So, you’ve offered on a piece of real estate. What happens next, however, is somewhat out of your control.
You wait for a response. A seller could respond to your offer in three different ways:
1. Accept it
2. Reject (or ignore!) it
3. Make a counteroffer
If they accept it, great! If they reject it, that’s OK; there is always another deal, or you could re-offer again. However, when a seller submits a counteroffer, that’s when the real fun begins.
A counteroffer (often just called a “counter”) is a response to another, earlier offer. In other words, if you offered $100,000 on a property, and the seller says, “No, I want $110,000,” that response from the seller is the counteroffer.
A counteroffer can be a good thing. It means the seller wants to sell to you and is willing to find common ground where both parties can get what they want. The negotiation process is where the two sides try to make that happen. Remember, both parties want the exact same thing: a sale.
11 Items You Can Negotiate in a Real Estate Deal
Many people see the word “negotiation” and envision one party winning and the other losing. However, in a good negotiation, both parties walk away feeling like they achieved pretty much, if not exactly, what they wanted. When there is no negotiation, that’s when one of the parties tends to feel they got shafted! So remember: a little back-and-forth is a good thing.
RELATED: Is the Offer You Made on that Home Being Seen?
Keep in mind, this is not about negotiating just on the price. In fact, there are multiple parts of the contract that can be negotiated. For example, you could negotiate for any or all of the following:
1. Price How much are you actually going to pay for the property?
2. Closing Date When will you close? Next week? Next month?
3. Closing Location Where is the closing taking place? Your title company? An attorney’s office?
4. Contingencies What contingencies could be removed from the P&S agreement?
5. Financing Will the seller agree to carry a second mortgage on the property?
6. Closing Costs Who will pay for what during the closing process?
7. Home Warranty A home warranty is sometimes included in the sale of a home and covers certain repair items after the sale happens. This can help smooth any concerns on the part of the buyer. Will your deal include one? If so, who will pay for it?
8. Repairs What do you need the seller to fix before you purchase the property? Will you hold them to it? Will you buy the property “as is”?
9. Credits What about getting credits at closing toward certain repairs that are needed? If a new roof is needed, and the seller doesn’t want to put one on before closing, could you negotiate the cost of a new roof given to you at closing?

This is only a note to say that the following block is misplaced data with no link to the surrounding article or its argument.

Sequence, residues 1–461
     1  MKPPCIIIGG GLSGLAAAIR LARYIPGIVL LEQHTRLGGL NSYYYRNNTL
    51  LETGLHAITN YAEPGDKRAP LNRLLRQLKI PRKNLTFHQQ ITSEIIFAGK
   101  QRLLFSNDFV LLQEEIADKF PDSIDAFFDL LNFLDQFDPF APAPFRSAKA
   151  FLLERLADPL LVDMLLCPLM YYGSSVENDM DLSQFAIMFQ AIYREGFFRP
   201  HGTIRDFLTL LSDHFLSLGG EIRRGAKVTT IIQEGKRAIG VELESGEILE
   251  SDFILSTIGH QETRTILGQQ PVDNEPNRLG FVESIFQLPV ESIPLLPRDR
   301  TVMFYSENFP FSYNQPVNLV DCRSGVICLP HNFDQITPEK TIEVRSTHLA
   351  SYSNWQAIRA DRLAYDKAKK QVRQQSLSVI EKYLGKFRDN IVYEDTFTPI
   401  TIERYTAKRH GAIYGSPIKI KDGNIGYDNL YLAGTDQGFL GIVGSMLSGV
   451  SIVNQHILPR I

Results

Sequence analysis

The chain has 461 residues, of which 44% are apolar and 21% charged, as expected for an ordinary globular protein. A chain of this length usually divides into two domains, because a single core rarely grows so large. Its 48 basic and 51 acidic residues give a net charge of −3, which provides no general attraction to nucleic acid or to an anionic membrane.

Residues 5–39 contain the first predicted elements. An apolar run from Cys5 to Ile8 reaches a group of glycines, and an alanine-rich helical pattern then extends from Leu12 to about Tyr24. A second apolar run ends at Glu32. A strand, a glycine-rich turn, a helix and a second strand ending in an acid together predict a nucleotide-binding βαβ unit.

10. Possession Date When will you actually take control of the property? While it’s most common to transfer possession immediately after the title has been transferred, this is negotiable. Maybe the seller needs a few more weeks. Maybe you want to get in early. It’s all negotiable.
11. Items Left at The Property What is the seller required to leave at the property? Appliances? Tools? Furniture? This is all negotiable.
Again, these are all elements you can negotiate, either offering or asking for a concession. Perhaps the seller is firm on the price, but you can get more repairs done on the property before closing. Or perhaps they don’t want to do anything with the condition or the price, but the seller is willing
to carry a contract on the property (seller financing) for a short period while you fix it up. The possibilities are nearly endless as to what your negotiation can produce, so look at negotiation as a huge opportunity for you to creatively achieve your goals.
FREE DOWNLOAD: The Ultimate Guide to Home Buying
You’re likely working with an Agent (or at least you should be), so you may never sit down across from the seller to engage in some television-worthy negotiation. Instead, the negotiation will take place through a back-and-forth exchange of documents signed by you, given to your agent, sent to their agent, and finally given to the seller. The seller will then either accept, reject, or reply with a counteroffer. Your job, at that point, will be to either accept the counter, reject it, or reply with yet another counteroffer.
RELATED: About the Real Estate Negotiation Process
If you are offering on a property outside the MLS, through a private seller, your negotiations will likely be much more direct. In fact, you might negotiate every point on the hood of your car or sitting at the seller’s kitchen table. The back-and-forth will likely be much less formal, though we absolutely recommend putting as much of the negotiation on paper as possible, even if that just means pulling out a sheet of blank paper and writing down the terms.
What items have you negotiated in a real estate deal? Sound off on the Shannon McCarthy Team Facebook Page or on our Twitter, LinkedIn or Instagram feeds. And don’t forget to subscribe to our monthly HOME ADVICEtm email newsletter for articles like this delivered straight to your inbox. You may unsubscribe at any time.